The pro-lifers will claim he’s the best they can get and we’ll have to support him and hope for the best. We’ve heard similar claims over the past few decades as Christian leaders have negotiated away their moral integrity, and that of American Christianity, step by step. Maybe Brown will be different? Maybe he won’t betray us as did the Supreme Court appointees of those alleged moral conservatives, Richard Nixon and Ronald Reagan? Maybe he won’t betray us as did the Bushes and Dole and nearly every Republican who so strongly supports morally conservative stances. So long as they’re out of power. In power, they at least maintain the status quo on abortion, big-government, the coming of the-government-owns-your-body healthcare, and other issues. In power, they often advance the agenda to which they claim to be opposed.

This is Einstein’s definition of insanity as found here:

The definition of insanity is doing the same thing over and over and expecting different results.

There was a man beheaded in Austria during World War II because he refused to serve in the Austrian Army once the Nazis had taken over Austria. He wasn’t a pacifist nor a coward. He’d gone on maneuvers as a reservist a few years earlier but he wouldn’t put on his uniform so long the Austrian Army served the evil purposes of the Nazis, even though he had some young daughters who would be orphaned and a young wife who’d face a tougher life without him.

His name was Franz Jaggerstatter. He was recently beatified by the Catholic Church, a major step in being declared a saint. I’m pretty sure I know where Jaggerstatter went after he was beheaded. I have fears about the destinations of those who collaborated with the Nazis because it seemed to be the less evil of choices at the time. I have suspicions about the destination of the bishop who advised him to serve in the Nazi-Austrian army for the sake of his young daughters. I have trouble imagining that Blessed Franz would have voted for Scott Brown even if a still more evil politician would have been elected. Christians don’t support great evil even when still greater evil is the other possibility. When those sorts of choices confront Christians, we have no choice but to to refuse to support either the great or the greater evil and to leave the matter in God’s hands. Admittedly, God’s solutions sometimes involve decades or even centuries of suffering and hard work to rebuild what we have allowed to decay, but He is the boss.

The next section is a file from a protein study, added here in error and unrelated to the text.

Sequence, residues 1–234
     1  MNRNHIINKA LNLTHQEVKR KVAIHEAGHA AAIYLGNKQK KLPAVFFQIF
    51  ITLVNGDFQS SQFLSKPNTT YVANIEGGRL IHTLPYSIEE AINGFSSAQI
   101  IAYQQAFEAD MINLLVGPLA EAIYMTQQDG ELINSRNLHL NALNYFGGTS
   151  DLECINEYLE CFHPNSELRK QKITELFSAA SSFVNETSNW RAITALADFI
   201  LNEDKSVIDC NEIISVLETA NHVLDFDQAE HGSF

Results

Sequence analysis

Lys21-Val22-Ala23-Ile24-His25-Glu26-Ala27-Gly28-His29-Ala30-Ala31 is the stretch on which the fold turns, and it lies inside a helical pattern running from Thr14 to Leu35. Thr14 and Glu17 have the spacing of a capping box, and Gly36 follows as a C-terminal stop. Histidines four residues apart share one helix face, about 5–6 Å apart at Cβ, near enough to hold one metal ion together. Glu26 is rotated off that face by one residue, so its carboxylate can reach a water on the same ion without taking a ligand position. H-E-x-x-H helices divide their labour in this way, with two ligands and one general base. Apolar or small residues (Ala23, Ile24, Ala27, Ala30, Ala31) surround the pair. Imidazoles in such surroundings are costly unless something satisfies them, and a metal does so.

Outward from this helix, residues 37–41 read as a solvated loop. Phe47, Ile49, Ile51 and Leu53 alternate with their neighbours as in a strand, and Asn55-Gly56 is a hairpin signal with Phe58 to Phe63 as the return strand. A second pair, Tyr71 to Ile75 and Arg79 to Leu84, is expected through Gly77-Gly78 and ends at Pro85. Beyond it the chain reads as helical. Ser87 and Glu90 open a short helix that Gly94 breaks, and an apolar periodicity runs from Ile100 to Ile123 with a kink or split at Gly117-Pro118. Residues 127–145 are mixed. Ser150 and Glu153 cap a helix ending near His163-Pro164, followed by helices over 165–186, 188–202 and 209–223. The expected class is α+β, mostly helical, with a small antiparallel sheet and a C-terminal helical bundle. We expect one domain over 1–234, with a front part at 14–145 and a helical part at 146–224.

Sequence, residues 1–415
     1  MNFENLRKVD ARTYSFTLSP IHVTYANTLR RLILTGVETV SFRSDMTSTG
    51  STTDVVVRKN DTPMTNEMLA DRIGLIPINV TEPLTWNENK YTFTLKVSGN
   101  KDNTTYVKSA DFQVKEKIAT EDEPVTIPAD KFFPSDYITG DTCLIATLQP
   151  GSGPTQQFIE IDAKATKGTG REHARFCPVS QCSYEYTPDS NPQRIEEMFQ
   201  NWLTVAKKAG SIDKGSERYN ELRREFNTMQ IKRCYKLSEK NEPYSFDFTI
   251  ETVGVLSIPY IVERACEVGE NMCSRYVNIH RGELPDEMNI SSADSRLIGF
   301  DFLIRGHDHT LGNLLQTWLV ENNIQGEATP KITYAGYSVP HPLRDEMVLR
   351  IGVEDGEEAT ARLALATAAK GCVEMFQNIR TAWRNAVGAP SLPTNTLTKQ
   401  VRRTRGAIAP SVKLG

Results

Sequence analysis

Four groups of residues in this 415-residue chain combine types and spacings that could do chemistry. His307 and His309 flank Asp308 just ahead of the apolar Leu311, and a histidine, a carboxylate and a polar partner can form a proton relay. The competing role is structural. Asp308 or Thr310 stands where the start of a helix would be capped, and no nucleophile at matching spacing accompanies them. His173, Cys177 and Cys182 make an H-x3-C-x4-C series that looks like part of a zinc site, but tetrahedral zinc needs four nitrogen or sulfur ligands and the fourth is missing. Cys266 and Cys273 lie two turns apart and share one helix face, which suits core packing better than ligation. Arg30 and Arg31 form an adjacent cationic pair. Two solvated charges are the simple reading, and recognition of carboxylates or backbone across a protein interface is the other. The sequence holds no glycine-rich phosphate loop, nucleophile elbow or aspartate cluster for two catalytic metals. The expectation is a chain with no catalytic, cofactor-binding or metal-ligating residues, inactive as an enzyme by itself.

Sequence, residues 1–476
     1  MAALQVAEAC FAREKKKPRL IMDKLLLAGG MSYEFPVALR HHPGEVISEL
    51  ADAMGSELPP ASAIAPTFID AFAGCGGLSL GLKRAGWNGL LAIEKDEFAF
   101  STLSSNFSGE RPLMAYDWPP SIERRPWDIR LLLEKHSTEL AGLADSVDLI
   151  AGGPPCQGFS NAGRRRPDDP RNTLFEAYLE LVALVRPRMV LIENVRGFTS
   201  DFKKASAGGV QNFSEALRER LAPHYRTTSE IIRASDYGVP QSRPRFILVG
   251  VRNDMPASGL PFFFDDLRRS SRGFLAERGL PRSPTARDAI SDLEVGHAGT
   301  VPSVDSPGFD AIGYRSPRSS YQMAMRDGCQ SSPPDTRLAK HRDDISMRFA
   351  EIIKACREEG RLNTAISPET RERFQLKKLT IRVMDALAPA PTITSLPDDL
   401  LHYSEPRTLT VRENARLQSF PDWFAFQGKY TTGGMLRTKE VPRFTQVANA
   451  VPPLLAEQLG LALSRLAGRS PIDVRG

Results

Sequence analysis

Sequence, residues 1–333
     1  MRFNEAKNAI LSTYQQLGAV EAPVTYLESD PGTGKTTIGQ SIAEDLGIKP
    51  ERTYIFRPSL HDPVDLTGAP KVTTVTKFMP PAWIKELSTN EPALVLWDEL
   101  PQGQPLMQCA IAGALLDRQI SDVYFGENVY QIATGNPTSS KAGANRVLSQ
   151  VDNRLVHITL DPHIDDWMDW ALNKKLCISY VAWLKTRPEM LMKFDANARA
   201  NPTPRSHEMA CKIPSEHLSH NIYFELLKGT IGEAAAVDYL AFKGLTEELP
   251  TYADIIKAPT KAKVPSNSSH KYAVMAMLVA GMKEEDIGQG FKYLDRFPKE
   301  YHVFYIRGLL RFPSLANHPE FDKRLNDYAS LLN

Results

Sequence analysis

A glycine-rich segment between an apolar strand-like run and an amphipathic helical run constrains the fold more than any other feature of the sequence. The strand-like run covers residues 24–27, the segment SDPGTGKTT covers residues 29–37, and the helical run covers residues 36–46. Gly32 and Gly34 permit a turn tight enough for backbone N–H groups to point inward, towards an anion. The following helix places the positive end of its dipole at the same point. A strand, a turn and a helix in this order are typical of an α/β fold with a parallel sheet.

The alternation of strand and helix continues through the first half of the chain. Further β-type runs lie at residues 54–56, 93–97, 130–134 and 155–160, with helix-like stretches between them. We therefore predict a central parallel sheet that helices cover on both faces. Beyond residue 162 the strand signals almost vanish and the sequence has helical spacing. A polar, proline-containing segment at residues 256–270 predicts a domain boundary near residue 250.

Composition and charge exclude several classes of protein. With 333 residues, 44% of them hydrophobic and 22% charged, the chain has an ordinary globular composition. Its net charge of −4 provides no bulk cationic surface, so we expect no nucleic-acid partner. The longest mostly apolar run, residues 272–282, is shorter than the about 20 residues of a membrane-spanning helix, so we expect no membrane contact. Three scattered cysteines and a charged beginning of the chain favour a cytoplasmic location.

We’ve long passed the time when we Christians have to say the political entities of this age aren’t ours and we can only withdraw to build Christian communities and prepare for a future which will be better only if we put Christ and His commandments at the center of our thoughts rather than illusions that we’re clever enough to win something by negotiating with those who don’t share our moral committments and who have betrayed us consistently (Republicans in particular but establishment politicians in general). In the political realm, we Christians aren’t clever. The record indicates that we’re very stupid, at least that our leaders, including those in pro-life groups, are very stupid.

But cleverness was never the point. Moral integrity was the point. When you trim your principles, when you attempt to beat an immoral political system by using their own means, you’re compromising only one thing — your own moral character. If pro-lifers, moral conservatives in general, wish to do something, then boycott the system in a very public way. Let the world know the American political system has become an evil joke. Don’t enter the evil joke yourself and pretend you can turn it into an edifying tale. And, most of all, don’t try to drag Christ and the Body of Christ along with you as you travel some gradual road to Hell along side of the likes of Brown and Bush and whomever.

The Novel “The Hermit of Turkey Hill” is Available for Download